Louisburg, AR Steamer CHEROKEE Explosion, Jan 1841


We find in the Arkansas Star, of the 7th, some further particulars relative to the late dreadful explosion of the CHEROKEE, by far the most disastrous which ever occurred on the Arkansas River. The Cherokee left Little Rock for New Orleans on Thursday evening, 5th inst., and arrived at Louisburg about sunrise on Friday morning, after stopping at that place about 15 minutes and just as the captain had rung the bell to start, she collapsed the flue of one boiler and burst another. The boiler which exploded was hurled with terrible velocity directly through the cabin crushing every thing that impeded its impetuous progress, and tearing away the starboard side of the boat, leaving it a hopeless wreck. Ten passengers and the second engineer were instantly killed, and six others were so badly scalded, that they survived but a few hours.
Capt. HARRIS who was in his berth at the time the explosion occurred, was hurled from it into the after part of the ladies cabin, with such violence as to break his neck, and little hope of life is entertained. The Cherokee was just leaving the landing and the first revolution of her engine sounded the death note of sixteen hopeless individuals. The explosion must have been a powerful one, the noise we are told was tremendous, and the boiler which was bursted was literally rended from end to end. We have heard no cause assigned for the terrible and heart-rending calamity, but those who have been made widows and orphans by it will be comforted by the assurance that "no blame can attach to any one."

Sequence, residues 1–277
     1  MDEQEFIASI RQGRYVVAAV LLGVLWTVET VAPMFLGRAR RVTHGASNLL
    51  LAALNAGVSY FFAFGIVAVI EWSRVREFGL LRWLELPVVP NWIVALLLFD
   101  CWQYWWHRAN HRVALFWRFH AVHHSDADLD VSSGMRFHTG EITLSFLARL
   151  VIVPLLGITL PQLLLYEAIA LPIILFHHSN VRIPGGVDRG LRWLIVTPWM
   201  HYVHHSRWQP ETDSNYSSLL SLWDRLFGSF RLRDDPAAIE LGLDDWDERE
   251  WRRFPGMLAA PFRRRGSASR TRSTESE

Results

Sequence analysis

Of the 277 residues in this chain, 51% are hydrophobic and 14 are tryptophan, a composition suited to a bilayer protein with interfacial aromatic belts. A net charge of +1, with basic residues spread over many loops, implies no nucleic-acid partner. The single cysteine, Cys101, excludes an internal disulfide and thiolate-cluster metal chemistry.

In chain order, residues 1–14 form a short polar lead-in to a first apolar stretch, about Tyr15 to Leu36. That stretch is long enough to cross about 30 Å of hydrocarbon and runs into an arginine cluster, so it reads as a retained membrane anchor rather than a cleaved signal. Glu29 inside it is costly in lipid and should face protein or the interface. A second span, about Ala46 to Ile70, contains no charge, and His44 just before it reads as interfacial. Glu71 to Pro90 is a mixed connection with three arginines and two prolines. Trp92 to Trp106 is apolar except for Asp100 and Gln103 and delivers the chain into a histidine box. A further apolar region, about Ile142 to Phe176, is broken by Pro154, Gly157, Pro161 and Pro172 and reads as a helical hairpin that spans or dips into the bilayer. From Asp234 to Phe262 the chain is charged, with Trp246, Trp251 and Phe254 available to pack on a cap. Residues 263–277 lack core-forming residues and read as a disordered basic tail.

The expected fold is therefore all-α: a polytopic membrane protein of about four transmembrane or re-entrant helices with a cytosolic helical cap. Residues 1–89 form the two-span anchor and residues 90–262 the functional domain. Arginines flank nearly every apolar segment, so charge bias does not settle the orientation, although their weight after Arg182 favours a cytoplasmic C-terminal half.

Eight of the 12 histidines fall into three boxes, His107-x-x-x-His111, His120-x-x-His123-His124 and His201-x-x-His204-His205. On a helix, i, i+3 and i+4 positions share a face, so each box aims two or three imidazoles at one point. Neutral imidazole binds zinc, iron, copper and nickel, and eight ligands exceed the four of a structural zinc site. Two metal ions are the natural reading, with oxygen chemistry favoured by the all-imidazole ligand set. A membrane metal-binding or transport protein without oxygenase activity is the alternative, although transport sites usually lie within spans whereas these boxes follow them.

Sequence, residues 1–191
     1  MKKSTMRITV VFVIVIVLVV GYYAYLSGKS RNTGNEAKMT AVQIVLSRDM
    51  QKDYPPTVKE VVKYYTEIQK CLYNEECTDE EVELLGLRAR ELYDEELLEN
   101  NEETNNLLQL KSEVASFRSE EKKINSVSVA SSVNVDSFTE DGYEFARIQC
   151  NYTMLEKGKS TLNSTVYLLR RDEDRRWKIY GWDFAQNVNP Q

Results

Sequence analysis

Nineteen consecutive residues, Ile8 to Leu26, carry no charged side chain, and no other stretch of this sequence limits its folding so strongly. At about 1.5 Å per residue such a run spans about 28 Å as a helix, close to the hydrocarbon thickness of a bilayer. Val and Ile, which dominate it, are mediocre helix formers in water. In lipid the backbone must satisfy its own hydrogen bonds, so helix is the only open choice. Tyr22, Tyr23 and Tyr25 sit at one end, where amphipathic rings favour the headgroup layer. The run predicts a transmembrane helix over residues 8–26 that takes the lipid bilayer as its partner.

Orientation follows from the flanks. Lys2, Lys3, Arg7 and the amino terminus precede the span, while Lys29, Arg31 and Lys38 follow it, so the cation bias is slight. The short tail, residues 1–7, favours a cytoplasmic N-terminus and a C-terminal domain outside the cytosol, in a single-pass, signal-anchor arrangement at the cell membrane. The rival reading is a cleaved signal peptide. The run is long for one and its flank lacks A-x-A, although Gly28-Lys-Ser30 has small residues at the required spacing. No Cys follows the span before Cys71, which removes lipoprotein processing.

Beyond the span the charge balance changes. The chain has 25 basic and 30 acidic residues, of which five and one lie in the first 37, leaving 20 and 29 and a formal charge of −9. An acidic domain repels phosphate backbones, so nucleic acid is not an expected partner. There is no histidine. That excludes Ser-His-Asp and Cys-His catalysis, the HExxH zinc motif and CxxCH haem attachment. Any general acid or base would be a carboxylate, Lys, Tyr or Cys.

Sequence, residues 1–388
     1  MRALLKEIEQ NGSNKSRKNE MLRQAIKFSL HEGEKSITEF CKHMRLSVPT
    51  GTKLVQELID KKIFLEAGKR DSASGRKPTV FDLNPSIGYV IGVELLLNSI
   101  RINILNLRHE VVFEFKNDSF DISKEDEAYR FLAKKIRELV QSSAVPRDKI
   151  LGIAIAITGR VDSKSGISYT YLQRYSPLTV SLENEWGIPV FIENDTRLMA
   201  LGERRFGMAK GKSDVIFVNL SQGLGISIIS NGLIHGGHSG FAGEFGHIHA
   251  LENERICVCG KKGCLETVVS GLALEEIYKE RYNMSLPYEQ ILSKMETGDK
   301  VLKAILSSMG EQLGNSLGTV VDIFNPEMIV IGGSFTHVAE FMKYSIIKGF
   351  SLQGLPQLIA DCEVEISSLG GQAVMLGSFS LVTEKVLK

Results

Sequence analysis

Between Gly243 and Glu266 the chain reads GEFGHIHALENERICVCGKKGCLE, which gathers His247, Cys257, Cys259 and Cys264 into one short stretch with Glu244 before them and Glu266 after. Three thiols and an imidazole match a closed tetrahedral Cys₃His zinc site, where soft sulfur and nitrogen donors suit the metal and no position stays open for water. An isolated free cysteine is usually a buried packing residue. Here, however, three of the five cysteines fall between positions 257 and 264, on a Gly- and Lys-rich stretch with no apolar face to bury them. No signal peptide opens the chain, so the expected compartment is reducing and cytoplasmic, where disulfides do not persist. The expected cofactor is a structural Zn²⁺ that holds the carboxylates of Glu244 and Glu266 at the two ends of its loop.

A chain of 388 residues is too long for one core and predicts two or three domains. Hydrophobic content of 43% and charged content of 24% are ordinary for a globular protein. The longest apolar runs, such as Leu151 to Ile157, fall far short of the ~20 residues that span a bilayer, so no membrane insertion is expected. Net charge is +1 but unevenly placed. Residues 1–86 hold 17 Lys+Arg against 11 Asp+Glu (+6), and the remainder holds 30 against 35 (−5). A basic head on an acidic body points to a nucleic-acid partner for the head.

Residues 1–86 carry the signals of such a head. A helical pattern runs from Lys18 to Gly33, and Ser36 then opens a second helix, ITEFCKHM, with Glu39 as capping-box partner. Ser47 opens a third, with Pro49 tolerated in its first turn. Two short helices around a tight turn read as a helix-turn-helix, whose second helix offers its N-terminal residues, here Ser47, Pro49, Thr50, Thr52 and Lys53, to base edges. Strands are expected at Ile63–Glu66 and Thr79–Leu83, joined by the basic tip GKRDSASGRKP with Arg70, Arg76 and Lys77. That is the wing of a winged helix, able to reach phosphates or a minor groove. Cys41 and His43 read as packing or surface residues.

One of the boilers was blown into the river and another on the bank. Capt. ARMSTRONG who was on board with $140,000 in spices, was slightly injured. The spice was nearly all saved. The boat commenced sinking so rapidly, that nearly all her freight was lost. It is supposed the accident was caused by not letting the steam off when the boat stopped.

Southport Telegraph South Port Wisconsin 1841-01-26